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I understand that both tornado and gevent are asynchronous python frameworks.

While reading the bottle documentation I found that gevent actually is NOT asynchronous, and you can create thousands to pseudo-threads that work synchronously.

Seondly, in gevent, you can not terminate the request handler early and you need to return the full response, while in tornado you can. (correct me if I'm wrong here)

Can some one describe in detail how these systems work internally, and in what ways they are different. Also, how does WSGI play with the asynchronous nature of these systems? Do these frameworks conform to WSGI, if yes, how?

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i think motor emptysquare.net/motor is a solution that have made a bridge between them :p – Abdelouahab Pp Oct 10 '12 at 12:17
up vote 22 down vote accepted

Have a read of:





The gevent package uses coroutines and Tornado is event driven.

Even driven systems don't readily map to WSGI, but a coroutine system, because it looks like threads, can be made to support WSGI if blocking points can be patched to switch coroutines when things would block.

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Thank you! Very addictive explanation! – emanuelcds Apr 28 '14 at 12:50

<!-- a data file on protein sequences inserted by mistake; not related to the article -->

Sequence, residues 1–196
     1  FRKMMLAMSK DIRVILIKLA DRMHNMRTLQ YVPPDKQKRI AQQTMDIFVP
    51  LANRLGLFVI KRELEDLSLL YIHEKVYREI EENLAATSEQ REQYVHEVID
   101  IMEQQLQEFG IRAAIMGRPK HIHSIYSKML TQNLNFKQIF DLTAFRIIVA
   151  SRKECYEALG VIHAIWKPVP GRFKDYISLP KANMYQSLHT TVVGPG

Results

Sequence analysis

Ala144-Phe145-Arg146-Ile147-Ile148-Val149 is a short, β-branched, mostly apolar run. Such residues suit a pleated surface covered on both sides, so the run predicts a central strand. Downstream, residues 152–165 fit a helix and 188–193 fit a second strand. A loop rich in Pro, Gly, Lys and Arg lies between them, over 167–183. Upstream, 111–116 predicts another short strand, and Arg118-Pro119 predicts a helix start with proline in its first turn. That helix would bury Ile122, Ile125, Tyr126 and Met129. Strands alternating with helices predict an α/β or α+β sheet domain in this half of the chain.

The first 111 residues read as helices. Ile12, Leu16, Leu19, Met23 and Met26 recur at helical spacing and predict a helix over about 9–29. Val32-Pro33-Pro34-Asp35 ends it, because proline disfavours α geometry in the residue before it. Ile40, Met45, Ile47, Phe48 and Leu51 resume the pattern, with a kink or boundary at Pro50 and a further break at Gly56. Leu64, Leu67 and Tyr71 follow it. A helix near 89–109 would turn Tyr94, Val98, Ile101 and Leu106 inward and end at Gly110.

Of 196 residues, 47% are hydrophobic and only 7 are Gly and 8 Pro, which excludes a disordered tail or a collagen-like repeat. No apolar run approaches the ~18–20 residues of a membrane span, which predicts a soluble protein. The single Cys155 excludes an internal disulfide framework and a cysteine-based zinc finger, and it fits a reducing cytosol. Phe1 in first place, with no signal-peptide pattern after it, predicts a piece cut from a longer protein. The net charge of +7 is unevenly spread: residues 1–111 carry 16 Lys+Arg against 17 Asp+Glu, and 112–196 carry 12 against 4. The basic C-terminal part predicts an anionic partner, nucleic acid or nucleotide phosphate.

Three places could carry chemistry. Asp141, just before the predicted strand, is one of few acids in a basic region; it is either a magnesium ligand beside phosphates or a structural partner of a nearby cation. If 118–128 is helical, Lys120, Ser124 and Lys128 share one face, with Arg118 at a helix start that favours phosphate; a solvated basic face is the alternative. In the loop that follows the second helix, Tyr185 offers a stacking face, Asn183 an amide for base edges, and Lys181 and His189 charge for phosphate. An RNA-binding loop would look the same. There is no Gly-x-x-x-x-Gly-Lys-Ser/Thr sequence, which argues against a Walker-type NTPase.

gevent and Tornado are a bit different. gevent is much more like Twisted - an asynchronous network framework, whereas Tornado is a web only framework.

The main highlight of gevent is that it utilizes coroutines and makes code look like it's running synchronously, but in fact most IO blocking functions are non-blocking and return control to the gevent main loop. This is very important for IO bound programming since it allows you to write highly efficient single thread code the same way you would write multithreaded code, which is much more resource hungry.

gevent also includes a WSGI request handler so it can be used to handle HTTP requests in a standalone manner, like Tornado.

Tornado is an asynchronous web framework which relies on the programmer to write asynchronous code in Python, which is often a pain in the Backend because there are no multiline anonymous closures or classes, like in JavaScript or Java. Therefore, writing good code using Tornado is really hard. For example, using blocking libraries becomes a pain.

Indeed both frameworks are asynchronous at their core, but the resulting code looks a bit different (easier to program with gevent).

You can actually use Torando and gevent together, but I haven't tried it out (yet).

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+1 but you forgot to say that tornado has a wsgi container and that become it a web server. – BlaShadow Sep 6 '13 at 20:10
I don't know if it's harder to write async code with Tornado. If anything, the yield keyword - which JavaScript lacks for now - makes the code very clean and easy to follow. There is no callback passing. In addition, centralized exception handling with Tornado is way cleaner than with, say, NodeJS, where you have to know what you are doing, or else you get a memory leak. – Andrei Taranchenko Dec 16 '14 at 20:43
"pain in the backend" - love it! – FullStack Jul 1 at 19:06

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